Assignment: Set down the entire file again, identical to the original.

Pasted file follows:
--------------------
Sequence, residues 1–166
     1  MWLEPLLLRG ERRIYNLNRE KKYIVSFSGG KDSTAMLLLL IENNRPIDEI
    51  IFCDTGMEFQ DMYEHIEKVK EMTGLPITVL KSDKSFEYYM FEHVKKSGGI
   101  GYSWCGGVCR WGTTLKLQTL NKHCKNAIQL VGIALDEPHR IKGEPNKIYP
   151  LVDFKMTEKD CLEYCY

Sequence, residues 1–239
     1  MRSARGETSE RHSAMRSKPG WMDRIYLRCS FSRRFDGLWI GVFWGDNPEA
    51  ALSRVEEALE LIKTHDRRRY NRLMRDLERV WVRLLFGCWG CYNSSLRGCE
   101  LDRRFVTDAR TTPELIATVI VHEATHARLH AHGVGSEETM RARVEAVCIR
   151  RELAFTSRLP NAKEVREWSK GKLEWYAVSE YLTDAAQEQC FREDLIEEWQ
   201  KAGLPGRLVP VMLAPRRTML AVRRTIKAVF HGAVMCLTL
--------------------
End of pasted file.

Sequence, residues 1–166
     1  MWLEPLLLRG ERRIYNLNRE KKYIVSFSGG KDSTAMLLLL IENNRPIDEI
    51  IFCDTGMEFQ DMYEHIEKVK EMTGLPITVL KSDKSFEYYM FEHVKKSGGI
   101  GYSWCGGVCR WGTTLKLQTL NKHCKNAIQL VGIALDEPHR IKGEPNKIYP
   151  LVDFKMTEKD CLEYCY

Sequence, residues 1–239
     1  MRSARGETSE RHSAMRSKPG WMDRIYLRCS FSRRFDGLWI GVFWGDNPEA
    51  ALSRVEEALE LIKTHDRRRY NRLMRDLERV WVRLLFGCWG CYNSSLRGCE
   101  LDRRFVTDAR TTPELIATVI VHEATHARLH AHGVGSEETM RARVEAVCIR
   151  RELAFTSRLP NAKEVREWSK GKLEWYAVSE YLTDAAQEQC FREDLIEEWQ
   201  KAGLPGRLVP VMLAPRRTML AVRRTIKAVF HGAVMCLTL